At any given time, I’ll have a handful of eBay tabs open on Google Chrome: old cars and watches, mostly, and maybe the occasional road bike. Mind you, I don’t bid on anything, but I do like to feed my insatiable lust for old shit. Vintage speaks to me. Vintage looks interesting. And, at least in the case of watches, vintage has less luxury pretense. Old watches were smaller, they were simpler and they were, for the most part, necessary.
The great irony, of course, is that buying an old watch today is a frivolity, and watchmakers reissuing old designs into modern packages will happily charge a great deal for it. For example, when Rolex brought back the “Pepsi” design scheme of the original GMT, it made the watch in white gold and gave it a damn-near-$40,000 price tag. But if you do want something with old looks and a new construction, there is a young, scrappy watch brand with something to prove.
Farer, a young British upstart, debuted nearly a year ago with a range of several watches, all powered by either ETA or Ronda quartz movements and designed to mimic the look of watches from the 1960s. But according to company co-founder Paul Sweetenham, fans of the company’s designs began asking Farer to make an automatic mechanical watch not long after. Apparently, Farer wasted no time in fulfilling those requests; within a year they’ve debuted a range of three automatics — the Hopewell, the Endurance and the Beagle — all equipped with the venerable ETA 2824-2 movement.
I’ve spent over a week with the Beagle now, and I can see how they’ve factored in that ‘60s design ethos. The watch dial brings to mind field watches of the era — think Smiths expedition watches circa the 1950s, or the original Rolex Explorer. It’s the overprinted numerals that cinch the look. They pop out at you, adding definition to the dial, and the font is decidedly mid-century. Those numerals are encompassed by a red outer ring and thin black dashes indicating 60 minutes. Look closely at the outer edge of the dial and you’ll see that it ever so slightly curves downward. If there’s one knock against the dial, it’s that the date window cuts through the 6 o’clock numeral. Granted, if you look at an old Smiths watch, you’ll find a subdial cutting through the “6” as well, but in both cases, a more elegant solution may have been removing the “6” numeral altogether.
The old-school vibes continue with the polished, shapely case. At 39.5mm in diameter, the Beagle hints at the smaller case sizes of yore. A vintage Smiths or Rolex would be somewhere in the ballpark of 33mm to 34mm. That’s far too tiny for most, but the reserved size of the Farer feels vintage without looking like a tiny white-and-green speck on your wrist.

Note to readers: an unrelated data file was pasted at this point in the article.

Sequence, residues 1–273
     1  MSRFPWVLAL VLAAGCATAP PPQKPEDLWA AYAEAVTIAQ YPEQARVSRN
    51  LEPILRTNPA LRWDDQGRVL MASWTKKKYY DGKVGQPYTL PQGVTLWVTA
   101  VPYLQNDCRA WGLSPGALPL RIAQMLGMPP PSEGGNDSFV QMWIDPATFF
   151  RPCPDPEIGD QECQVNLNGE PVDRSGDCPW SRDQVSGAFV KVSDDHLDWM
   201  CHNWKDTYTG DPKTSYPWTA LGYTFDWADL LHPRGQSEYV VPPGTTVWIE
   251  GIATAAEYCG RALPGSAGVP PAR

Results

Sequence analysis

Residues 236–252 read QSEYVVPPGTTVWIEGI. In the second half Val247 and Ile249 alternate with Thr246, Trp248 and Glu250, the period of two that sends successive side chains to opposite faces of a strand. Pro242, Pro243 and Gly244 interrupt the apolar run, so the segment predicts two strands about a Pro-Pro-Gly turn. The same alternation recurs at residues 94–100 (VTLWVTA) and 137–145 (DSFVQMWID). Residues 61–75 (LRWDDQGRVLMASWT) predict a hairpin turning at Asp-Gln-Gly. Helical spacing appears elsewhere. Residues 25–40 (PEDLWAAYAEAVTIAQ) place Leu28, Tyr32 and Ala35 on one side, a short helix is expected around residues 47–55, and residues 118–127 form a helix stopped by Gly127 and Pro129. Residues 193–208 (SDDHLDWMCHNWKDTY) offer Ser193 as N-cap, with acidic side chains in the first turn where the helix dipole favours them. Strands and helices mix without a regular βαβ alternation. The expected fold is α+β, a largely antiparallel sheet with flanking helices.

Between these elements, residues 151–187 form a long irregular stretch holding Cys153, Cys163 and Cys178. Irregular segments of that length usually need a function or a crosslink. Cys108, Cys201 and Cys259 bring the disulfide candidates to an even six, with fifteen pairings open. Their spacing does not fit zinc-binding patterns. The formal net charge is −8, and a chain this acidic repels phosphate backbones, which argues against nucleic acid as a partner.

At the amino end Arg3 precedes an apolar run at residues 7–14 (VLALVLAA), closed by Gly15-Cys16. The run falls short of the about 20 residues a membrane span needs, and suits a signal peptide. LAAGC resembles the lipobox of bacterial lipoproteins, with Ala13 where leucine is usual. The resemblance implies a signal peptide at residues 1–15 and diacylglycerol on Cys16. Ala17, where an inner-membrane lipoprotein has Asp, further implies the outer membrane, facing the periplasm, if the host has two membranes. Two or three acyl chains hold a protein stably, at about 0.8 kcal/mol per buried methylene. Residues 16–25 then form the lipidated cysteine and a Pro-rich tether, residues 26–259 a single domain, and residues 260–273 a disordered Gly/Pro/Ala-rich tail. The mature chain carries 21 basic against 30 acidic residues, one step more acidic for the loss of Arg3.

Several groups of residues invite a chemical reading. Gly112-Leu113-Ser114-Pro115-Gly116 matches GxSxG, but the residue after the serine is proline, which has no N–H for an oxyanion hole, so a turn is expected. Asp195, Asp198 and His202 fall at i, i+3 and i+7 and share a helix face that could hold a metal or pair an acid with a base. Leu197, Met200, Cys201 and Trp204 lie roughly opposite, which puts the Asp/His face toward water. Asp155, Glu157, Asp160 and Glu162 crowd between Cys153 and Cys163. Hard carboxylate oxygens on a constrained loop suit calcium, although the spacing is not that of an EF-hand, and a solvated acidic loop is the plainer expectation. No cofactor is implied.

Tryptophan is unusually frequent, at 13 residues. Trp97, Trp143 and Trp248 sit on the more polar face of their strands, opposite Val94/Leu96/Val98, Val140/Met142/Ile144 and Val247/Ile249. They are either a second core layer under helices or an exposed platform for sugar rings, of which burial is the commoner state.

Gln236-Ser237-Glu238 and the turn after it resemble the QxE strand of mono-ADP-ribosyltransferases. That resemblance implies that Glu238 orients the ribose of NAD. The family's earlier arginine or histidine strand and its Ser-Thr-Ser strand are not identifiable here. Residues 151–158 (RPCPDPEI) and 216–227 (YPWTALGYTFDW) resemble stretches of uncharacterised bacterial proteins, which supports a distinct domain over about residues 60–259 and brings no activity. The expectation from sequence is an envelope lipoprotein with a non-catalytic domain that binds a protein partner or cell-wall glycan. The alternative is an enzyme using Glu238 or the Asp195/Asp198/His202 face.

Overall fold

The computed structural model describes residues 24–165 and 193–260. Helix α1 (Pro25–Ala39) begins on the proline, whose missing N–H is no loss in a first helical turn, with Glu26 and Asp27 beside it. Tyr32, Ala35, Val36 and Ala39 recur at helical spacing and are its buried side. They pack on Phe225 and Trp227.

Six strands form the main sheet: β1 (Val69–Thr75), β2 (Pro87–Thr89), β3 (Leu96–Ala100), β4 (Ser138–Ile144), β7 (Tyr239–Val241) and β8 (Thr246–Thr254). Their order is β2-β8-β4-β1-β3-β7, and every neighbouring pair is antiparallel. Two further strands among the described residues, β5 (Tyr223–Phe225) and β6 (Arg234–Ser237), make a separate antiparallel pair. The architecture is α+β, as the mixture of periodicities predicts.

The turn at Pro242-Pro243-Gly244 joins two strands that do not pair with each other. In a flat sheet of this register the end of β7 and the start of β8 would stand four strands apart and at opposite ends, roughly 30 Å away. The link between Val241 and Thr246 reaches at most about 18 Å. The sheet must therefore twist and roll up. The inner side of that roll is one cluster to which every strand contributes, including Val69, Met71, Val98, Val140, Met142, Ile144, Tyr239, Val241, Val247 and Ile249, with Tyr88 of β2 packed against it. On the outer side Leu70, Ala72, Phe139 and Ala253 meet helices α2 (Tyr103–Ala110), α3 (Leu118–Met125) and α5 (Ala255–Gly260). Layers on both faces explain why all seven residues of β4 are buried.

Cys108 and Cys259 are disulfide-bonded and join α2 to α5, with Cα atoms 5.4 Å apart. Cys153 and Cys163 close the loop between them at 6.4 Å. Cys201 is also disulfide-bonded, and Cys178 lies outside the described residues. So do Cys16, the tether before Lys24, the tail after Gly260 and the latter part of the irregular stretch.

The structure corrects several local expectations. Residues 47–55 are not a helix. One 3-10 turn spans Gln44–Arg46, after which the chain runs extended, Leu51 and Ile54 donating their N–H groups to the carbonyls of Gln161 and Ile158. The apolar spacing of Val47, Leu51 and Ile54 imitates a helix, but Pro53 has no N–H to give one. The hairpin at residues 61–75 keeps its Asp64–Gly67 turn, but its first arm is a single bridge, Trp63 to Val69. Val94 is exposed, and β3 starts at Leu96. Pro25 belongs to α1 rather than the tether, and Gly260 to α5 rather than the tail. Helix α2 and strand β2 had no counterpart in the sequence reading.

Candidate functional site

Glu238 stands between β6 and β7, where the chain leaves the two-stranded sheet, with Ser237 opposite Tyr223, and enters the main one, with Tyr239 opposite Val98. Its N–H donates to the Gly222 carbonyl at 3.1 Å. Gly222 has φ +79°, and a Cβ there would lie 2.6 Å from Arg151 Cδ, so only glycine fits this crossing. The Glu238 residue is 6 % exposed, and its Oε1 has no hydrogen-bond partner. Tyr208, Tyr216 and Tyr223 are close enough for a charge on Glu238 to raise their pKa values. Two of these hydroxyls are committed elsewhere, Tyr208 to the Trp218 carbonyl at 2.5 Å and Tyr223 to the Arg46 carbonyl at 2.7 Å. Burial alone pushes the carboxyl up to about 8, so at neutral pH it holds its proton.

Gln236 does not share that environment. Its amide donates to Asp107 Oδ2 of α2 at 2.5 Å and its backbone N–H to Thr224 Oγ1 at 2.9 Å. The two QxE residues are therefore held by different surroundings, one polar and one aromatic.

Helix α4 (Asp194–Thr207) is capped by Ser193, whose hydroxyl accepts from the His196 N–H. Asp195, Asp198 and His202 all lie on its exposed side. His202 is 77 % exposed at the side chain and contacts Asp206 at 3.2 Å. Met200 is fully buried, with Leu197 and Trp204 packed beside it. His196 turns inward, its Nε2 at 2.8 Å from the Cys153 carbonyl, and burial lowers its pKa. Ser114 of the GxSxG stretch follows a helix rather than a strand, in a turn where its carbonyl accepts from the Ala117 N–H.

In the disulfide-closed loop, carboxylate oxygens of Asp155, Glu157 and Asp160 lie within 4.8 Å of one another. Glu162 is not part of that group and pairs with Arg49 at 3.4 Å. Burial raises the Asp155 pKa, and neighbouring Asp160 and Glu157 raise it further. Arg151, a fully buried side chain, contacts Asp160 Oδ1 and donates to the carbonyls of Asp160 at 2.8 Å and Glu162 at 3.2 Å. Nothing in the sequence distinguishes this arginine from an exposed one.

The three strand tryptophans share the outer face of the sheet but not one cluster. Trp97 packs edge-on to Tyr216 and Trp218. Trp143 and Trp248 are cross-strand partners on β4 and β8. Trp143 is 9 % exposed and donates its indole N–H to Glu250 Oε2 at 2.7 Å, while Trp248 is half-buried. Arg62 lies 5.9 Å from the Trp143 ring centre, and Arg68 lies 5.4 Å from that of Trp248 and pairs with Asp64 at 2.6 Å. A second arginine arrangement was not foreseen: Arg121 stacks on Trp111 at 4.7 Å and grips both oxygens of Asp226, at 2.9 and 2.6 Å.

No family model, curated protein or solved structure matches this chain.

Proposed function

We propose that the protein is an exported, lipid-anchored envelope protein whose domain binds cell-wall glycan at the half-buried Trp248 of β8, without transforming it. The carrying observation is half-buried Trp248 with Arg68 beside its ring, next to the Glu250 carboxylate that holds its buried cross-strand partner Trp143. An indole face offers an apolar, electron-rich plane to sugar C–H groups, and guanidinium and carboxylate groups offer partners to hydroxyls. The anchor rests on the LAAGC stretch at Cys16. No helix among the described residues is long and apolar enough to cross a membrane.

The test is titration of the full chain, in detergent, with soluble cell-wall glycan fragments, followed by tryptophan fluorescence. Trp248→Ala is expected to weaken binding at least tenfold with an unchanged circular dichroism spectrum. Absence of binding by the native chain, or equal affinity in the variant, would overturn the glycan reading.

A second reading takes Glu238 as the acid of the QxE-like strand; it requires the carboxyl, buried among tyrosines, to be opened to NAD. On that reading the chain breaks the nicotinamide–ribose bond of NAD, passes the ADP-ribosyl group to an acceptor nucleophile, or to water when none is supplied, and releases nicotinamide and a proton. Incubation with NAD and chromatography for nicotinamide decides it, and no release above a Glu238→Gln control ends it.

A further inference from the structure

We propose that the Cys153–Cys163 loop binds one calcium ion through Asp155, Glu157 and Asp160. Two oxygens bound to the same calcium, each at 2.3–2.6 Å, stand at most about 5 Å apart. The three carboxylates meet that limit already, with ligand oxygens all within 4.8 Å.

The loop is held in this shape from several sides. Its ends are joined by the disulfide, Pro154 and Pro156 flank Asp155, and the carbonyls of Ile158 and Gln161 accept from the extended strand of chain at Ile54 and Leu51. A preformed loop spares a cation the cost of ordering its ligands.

It’s packed with other lovely touches as well. Take the red, arrow-tipped seconds hand or the domed, sapphire crystal (on its quartz watches, the crystal is merely sapphire-coated acrylic). And the crown? It’s made from a solid piece of brass that will patina over time. The spring bars holding the bridle-leather strap to the case feature a quick release system, so there’s no need to fiddle with a spring bar tool to swap different color straps. (You know who also does a quick-release strap system? Vacheron.)
The reserved size of the Farer feels vintage without looking like a tiny white-and-green speck on your wrist.
I won’t be so bold as to say this $1,075 watch can match a $18,000 Overseas in finishing and features, but for the money you’re spending you do get a lot — all from a company still in its infancy. But how does it compare to similar, vintage-looking watches closer to its price? Well, you can find watches like the Hamilton Khaki and Tissot Visodate with similar ETA movements for around $300 to $400 less. And if you’re into the whole Bauhaus thing, a Junghans Max Bill with the same movement is around the same price as the Farer. The Farer may not have the same name cachet, but having seen all of these in person, it can absolutely match them in terms of looks and detailing.
You could, of course, spend the same kind of cash on a vintage Smiths or Tudor or Omega Seamaster from the era the Farer is trying to invoke. But, much as I love these vintage pieces, there are reasons I rarely bid on them: They don’t run like modern watches, and you can’t treat them like a modern watch. While vintage pieces have the potential to last forever, they require more frequent and more hands-on servicing. So there’s practical appeal in having something that alludes to vintage looks but has the build and reliability of a modern timepiece. Kudos to a newcomer like Farer for doing such a convincing job of it, and at an affordable price.